Biography Born Justin Cuong Van Tran on January 20, 1977 in Nha Trang, Vietnam, J.C. Tran moved to the United States at a young age with his family. The youngest of eight children, Tran’s large family relocated to Sacramento, California, where he would go on to attend California State University, graduating with a degree in Business Management Information Studies.
After being introduced to poker by his brother on a visit to a casino on his 21st birthday, and playing in home games around his college campus, Tran began to build his bankroll playing $9/$18 at Capitol Casino in Sacramento.
Tran has gone on to establish himself as one of the most feared and respected tournament players in the world. He has become a regular on the World Poker Tour circuit, with his first notable cash coming in October 2004 as he finished 13th at the Doyle Brunson North American Poker Championship for $30,000. Less than a month after this he went on to finish 5th at another WPT event, the 2004 World Poker Finals in Mashantucket, for $353,850.
In total Tran has reached 8 WPT final tables, winning the 2007 $5,000 NLHE Championship Event for a $683,473. This win also helped Tran to be named the WPT Player of the Year for 2007.Tran has been successful at the World Series of Poker with 40 in-the-money finishes, 8 final tables, and two bracelets. His two bracelets came in 2008 and 2009, with Tran showing his versatility taking down the $1,500 No Limit Hold’em and the $2,500 Pot Limit Omaha. Tran has also shown himself to be a highly capable online player: he won the main event of the 2006 PokerStars World Championship of Online Poker for $670,000.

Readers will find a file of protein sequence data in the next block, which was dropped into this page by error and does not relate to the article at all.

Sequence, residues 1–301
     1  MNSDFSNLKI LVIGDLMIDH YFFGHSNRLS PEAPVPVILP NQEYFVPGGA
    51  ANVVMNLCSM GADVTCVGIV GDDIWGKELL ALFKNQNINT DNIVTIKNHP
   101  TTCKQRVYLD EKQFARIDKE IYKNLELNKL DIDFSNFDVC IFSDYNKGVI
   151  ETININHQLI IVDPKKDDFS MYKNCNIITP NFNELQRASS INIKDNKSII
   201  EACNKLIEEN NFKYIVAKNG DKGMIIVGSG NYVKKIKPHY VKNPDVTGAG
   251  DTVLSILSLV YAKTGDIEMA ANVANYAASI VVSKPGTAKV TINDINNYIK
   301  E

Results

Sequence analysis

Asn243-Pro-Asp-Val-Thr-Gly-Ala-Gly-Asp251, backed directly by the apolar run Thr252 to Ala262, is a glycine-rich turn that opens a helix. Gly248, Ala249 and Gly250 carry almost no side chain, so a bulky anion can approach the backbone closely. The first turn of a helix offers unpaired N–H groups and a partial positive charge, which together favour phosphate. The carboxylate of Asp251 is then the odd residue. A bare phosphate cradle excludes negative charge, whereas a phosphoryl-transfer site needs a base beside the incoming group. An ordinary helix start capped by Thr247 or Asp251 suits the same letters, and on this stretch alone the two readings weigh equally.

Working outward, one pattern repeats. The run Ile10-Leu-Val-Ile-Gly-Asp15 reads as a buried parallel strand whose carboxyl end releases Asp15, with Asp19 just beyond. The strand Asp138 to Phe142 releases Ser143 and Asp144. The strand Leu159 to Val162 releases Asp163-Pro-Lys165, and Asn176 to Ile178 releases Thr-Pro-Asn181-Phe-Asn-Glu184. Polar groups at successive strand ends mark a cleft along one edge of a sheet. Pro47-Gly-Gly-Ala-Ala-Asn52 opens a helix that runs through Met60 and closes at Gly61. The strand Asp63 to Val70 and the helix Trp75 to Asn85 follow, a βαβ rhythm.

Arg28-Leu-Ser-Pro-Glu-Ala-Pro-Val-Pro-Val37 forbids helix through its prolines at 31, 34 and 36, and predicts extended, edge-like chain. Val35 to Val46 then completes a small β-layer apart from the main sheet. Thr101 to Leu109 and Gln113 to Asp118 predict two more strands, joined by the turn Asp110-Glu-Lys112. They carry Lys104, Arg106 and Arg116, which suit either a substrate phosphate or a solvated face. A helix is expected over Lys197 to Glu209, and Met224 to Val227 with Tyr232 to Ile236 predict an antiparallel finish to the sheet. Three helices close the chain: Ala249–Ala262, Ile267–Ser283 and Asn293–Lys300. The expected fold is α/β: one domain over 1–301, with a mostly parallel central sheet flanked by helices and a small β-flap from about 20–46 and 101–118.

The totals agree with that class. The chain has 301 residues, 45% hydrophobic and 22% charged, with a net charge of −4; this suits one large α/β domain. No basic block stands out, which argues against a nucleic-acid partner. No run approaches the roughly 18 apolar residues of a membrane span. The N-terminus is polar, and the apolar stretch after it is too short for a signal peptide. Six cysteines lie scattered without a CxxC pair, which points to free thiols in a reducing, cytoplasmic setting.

Tran is also currently a member of the 2013 November Nine, and will go into the final table as chip leader with eight million chips more than second place, and favourite to take down the Main Event. Tran has the opportunity to be the first big-name professional player to win the WSOP Main Event since Carlos Mortensen took it down in 2001; though ironically Tran eliminated Mortensen in 10th place this year, making him the final table bubble-boy. This is Tran’s first deep run in the Main Event, and with a good chip lead and a reputation as one of the strongest and most reliable tournament players of our era, he has a fantastic chance to take down the big one.